Long after he led the nonviolent struggle against apartheid, Archbishop Desmond M. Tutu, who died Sunday at 90, continued to serve as South Africa’s moral compass, even if it meant criticizing two central tenets of his life: his church and the former liberation movement.
Though he formally retired from public life in 2010 — promising to quietly sip tea with his wife and visit his grandchildren — Archbishop Tutu remained a powerful advocate for what he saw as just and fair, including a host of causes such as social and climate justice.
He also stood against corruption and lack of accountability under the African National Congress, and against discrimination, calling out the Anglican Church for not taking a stronger stance for gay rights.
“If God, as they say, is homophobic, I wouldn’t worship that God,” he told the BBC in 2007, after the election of the first openly gay Episcopal bishop in the United States led the Anglican Church to grapple with the issue.
Gay rights later became a personal cause for Archbishop Tutu.
When his daughter Mpho Tutu, an Anglican priest, married her longtime partner, Marceline van Furth, in 2015, he was publicly supportive. When her marriage led the church to revoke her license, and to her leaving the priesthood, he also supported her choice.
Still, Archbishop Tutu remained loyal to the church, said Dr. Mamphela Ramphele, a former anti-apartheid activist who spoke on Sunday on behalf of the family.
Although he was saddened by it, Dr. Ramphele said, Archbishop Tutu followed the church’s rules at his daughter’s wedding.
“He was not allowed to bless them, and he followed the precepts of the church at their marriage,” Dr. Ramphele said.
Archbishop Tutu also used his post-church platform, mainly the Desmond and Leah Legacy Foundation, to speak out against “adaptation apartheid,” the growing divide between rich and poor countries in responding to climate change.
Through the foundation, he added his voice to the calls for climate justice and accountability from governments and big business.
Last year, he met with former Vice President Al Gore in Cape Town to discuss divestment from fossil fuels. And his foundation invited the Ugandan climate justice activist Vanessa Nakate to deliver a lecture in his name, alongside Christiana Figueres, the executive secretary of the United Nations Framework Convention on Climate Change.
In a video message before the lecture, Archbishop Tutu called environmental destruction “the human rights challenge of our time.”
Over the years, he also lent his name to other causes, including the promotion of social cohesion, which is the focus of the Desmond Tutu Peace Center, and to H.I.V. research.
At the height of the H.I.V./AIDS epidemic, when South Africa’s public health response was marred by inconsistency and malaise, Archbishop Tutu’s name helped a research center in Cape Town raise its profile, allowing it to become one of the leading institutions of its kind.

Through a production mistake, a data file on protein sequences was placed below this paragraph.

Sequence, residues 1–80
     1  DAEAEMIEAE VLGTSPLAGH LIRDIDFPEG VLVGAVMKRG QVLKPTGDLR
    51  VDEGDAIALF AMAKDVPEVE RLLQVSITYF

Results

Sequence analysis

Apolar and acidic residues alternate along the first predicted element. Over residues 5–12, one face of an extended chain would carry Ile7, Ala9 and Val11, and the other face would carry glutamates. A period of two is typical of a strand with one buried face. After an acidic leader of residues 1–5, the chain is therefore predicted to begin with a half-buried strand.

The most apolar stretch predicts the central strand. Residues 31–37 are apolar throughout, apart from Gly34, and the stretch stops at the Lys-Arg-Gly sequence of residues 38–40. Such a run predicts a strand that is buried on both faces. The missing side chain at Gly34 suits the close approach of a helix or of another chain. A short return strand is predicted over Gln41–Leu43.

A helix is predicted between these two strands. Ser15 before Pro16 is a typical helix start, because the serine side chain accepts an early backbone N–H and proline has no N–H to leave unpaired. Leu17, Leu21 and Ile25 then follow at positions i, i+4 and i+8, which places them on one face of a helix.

Toward the end of apartheid in the early 1990s, it was Archbishop Tutu who coined the phrase “the rainbow nation” to describe the optimism of a multiracial South Africa. But in later years, he did not temper his criticism of the new government or the African National Congress.
While he enjoyed a close friendship with the party’s leader and South Africa’s first Black leader, President Nelson Mandela — the two men famously made fun of each other’s sartorial choices — Archbishop Tutu was critical of Mr. Mandela’s successors. He was particularly vociferous of his disappointment in President Jacob Zuma, who resigned in 2018 and whose administration was tarnished by corruption scandals.
Indeed, in 2011, Archbishop Tutu was openly incensed when the South African government under Mr. Zuma refused to grant the Dalai Lama a visa to attend Archbishop Tutu’s 80th birthday celebrations.
“Our government, representing me — representing me — says it will not support Tibetans who are being oppressed viciously by the Chinese,” Archbishop Tutu said in a news conference, visibly angry.
The South African government, believed to be currying favor with the Chinese government, denied a visa to the Tibetan spiritual leader three times, in 2009 and again in 2014, when he was to attend a summit meeting of Nobel laureates alongside Archbishop Tutu.
Archbishop Tutu’s critiques of the governing African National Congress continued, and in 2013, he said that he would not be voting for the party because it had failed to deliver on its promise of social justice.
The rift between the Nobel laureate and the former liberation movement was also evident later that year when Mr. Mandela died. The government at first snubbed Archbishop Tutu, despite his prominence and their relationship, but then invited him to speak at the public memorial service.
This past May, in one of his last public appearances, Archbishop Tutu received his coronavirus vaccine, in the hope that it would encourage others to get vaccinated and dispel misinformation, which has affected vaccine uptake in South Africa.
“All my life I have tried to do the right thing and, today, getting vaccinated against Covid-19 is definitely the right thing to do,” he said after getting the jab, adding that it was a “wonderful” chance to get out of the house.
“Believe me, when you get to our age,” he said, “little needles worry you far less than bending over does.”